2008-09-21 49 -123

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Sun 21 Sep 2008 in 49,-123:
49.2776262, -123.1564544

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About 250m offshore of Kits Beach in Vancouver.

This is the first part of a bicycle multihash by Robyn and thepiguy. The second part is here.


  • Robyn attended, with Успех (who stayed on the beach with the other bicycles), T-Rex, and a rubber raft.
  • thepiguy was there with Josephine, and his own rubber raft.
  • Srs0 was there with his bike (that doesn't have a name), and shared thepiguy's raft.


Robyn and thepiguy were planning on (and are currently working on) a multihash today, so I went early with them. Unfortunately, I wasn't able to join them for the second part of their hash due to other commitments, but the one I did make it to was fantastic!

For me, the expedition began at 05:15, where brought my stuff out to the bike and discovered that something had happened to my back tire, again. As I prepared to change it, thepiguy rode up and I told him the problem. I quickly fixed the back wheel and, at around 05:30, we headed out. We made good time and reached the beach by the hashpoint at 06:01, while Robyn arrived around five minutes later. The boats were inflated by 06:30 and all three of us were out on the water and at the geohash for 07:00, just in time for a sunrise geohash (the sunrise for the day was officially 06:58, which was achieved)! Admittedly, the only way that we could see that it was the sunrise, thanks to dark clouds, was because it was getting a bit brighter.

There were quite a few "what the heck are we doing" moments, namely when we got into the little rafts in the water and paddled a quarter kilometre into the bay all in the dark. Thankfully, thepiguy had thought up a method to get us in the general area without having to constantly watch the GPS, namely by using his forward and rear bike lights lined up on the shore.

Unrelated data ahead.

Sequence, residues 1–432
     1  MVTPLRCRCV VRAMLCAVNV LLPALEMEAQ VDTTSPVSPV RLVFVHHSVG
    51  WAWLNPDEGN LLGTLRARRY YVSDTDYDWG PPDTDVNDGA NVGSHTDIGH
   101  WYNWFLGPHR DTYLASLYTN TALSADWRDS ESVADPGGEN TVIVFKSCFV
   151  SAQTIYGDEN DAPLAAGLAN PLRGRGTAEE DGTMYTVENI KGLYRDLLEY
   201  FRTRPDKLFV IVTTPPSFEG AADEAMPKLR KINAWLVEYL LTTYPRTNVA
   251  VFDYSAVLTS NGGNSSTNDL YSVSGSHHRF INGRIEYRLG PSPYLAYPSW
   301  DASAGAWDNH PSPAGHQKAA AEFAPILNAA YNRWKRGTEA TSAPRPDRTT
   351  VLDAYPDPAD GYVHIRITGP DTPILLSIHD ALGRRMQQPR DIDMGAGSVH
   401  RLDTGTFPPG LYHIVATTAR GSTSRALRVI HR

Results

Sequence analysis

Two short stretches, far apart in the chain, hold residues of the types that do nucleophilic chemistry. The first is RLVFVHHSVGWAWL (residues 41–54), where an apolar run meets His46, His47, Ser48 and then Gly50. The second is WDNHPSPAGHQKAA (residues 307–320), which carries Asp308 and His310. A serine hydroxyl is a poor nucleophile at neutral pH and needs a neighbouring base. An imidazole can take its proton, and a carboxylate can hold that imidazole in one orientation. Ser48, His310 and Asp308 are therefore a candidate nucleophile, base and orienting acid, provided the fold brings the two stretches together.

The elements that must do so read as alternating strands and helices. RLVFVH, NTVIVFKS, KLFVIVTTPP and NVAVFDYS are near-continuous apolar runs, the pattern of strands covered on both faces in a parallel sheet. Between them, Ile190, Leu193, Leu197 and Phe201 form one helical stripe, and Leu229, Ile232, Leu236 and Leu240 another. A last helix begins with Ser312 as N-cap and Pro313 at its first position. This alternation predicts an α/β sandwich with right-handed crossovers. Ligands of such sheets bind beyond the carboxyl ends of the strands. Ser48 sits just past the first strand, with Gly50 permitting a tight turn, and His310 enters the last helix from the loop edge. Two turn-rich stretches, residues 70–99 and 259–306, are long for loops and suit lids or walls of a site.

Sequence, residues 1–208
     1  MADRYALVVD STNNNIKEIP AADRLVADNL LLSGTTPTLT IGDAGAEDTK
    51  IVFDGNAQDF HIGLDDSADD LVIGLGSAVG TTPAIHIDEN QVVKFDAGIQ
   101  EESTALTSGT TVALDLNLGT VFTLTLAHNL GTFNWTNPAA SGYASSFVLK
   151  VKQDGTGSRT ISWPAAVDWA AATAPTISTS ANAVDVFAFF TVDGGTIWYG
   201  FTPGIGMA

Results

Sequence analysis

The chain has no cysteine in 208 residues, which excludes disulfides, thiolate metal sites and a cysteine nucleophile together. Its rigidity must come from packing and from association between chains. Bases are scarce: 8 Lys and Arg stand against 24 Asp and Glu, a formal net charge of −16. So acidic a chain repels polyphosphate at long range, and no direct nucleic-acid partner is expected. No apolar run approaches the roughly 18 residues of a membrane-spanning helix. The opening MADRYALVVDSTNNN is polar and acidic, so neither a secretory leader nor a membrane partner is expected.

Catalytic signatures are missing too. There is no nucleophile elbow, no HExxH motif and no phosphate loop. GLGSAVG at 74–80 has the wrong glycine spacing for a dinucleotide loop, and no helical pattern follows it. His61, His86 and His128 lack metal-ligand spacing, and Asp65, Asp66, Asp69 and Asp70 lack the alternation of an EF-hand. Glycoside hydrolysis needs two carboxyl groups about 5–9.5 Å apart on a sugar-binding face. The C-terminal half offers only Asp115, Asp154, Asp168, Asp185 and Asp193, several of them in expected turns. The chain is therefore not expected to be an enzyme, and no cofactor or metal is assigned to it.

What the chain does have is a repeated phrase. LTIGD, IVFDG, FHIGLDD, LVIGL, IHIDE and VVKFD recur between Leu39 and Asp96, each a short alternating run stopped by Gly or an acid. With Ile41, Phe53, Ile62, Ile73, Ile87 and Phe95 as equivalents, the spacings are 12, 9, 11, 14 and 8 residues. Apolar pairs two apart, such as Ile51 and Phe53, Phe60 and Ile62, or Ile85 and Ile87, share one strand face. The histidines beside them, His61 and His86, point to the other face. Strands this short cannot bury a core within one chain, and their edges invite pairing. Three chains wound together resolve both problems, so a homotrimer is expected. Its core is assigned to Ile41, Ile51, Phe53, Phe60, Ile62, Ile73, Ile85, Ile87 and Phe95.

By the time we all got back to the shore, cleaned up, and deflated the boats, which took longer than it took to inflate them, it was 08:00. Robyn and thepiguy went on to continue their multihash while I took the big inflatable boat from thepiguy and brought it back with me so he didn't have to carry it for the rest of the way. Robyn was going to drop her boat off somewhere too.


Excellent writeup srs0. Here's a quick recap from another point of view, in order to add my favourite expedition quotes.

The expedition started for me at 05:30, when I left the garage with Успех, loaded down with raingear, food, a dry change of clothes, a rubber boat, pump, oars, and of course camera and GPS. Because of the darkness, I overshot the turn-off to the geohash location and had to come back, making me arrive on the beach slightly late. I suspected that the flashing bicycle lights near a log belonged to the geohashers I sought, a suspicion that was confirmed when I found two men behind the log, breathing heavily, one on his knees, saying, "I can't get my mouth around it! It's too big!" I doubt it's the first time this beach has heard those words, but it may be the first time they have been associated with launch preparations for a flotilla of inflatable boats.